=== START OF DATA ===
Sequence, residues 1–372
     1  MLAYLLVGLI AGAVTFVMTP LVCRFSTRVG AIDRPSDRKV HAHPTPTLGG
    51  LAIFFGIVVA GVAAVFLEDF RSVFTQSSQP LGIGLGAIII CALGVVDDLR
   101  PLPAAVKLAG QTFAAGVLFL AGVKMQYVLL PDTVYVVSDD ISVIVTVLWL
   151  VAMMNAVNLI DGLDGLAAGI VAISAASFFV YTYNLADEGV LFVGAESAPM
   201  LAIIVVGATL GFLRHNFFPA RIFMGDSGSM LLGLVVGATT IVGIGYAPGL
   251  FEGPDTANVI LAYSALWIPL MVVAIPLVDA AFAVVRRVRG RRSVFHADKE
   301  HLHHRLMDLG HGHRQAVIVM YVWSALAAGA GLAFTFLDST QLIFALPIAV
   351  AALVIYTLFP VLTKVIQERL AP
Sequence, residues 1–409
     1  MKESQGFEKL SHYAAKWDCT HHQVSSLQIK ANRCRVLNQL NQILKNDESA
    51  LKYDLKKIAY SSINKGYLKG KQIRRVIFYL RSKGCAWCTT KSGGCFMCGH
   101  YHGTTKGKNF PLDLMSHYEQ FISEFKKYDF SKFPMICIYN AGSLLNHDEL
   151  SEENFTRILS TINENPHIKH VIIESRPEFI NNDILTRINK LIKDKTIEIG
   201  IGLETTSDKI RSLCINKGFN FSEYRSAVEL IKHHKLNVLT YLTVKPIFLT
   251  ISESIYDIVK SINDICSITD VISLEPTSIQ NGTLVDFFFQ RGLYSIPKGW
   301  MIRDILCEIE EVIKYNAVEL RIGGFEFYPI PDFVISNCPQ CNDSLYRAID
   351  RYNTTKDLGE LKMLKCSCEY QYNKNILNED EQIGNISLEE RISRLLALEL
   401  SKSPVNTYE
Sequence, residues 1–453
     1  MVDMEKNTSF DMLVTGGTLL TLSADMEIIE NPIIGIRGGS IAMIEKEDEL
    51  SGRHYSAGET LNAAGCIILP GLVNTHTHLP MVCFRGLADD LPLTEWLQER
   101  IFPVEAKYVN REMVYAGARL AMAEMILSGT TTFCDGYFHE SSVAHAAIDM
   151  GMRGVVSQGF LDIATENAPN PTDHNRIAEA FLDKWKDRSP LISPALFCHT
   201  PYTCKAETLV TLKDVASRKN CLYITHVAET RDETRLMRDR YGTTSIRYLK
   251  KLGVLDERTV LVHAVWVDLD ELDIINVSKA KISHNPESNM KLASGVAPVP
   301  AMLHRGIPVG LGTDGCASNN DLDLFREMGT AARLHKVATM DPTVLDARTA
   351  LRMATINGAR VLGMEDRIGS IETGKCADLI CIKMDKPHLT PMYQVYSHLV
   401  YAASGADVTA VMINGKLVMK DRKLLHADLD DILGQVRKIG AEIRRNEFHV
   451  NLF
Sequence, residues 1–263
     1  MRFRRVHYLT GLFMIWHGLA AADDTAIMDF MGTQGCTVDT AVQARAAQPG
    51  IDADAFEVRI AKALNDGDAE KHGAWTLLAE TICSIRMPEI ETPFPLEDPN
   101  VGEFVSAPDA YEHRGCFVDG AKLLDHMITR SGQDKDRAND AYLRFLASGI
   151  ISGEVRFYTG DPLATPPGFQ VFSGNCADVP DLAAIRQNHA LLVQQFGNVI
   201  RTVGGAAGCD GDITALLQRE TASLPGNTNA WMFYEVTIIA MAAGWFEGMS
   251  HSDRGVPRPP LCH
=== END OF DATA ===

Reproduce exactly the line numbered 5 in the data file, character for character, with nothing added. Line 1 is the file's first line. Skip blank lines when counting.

   151  VAMMNAVNLI DGLDGLAAGI VAISAASFFV YTYNLADEGV LFVGAESAPM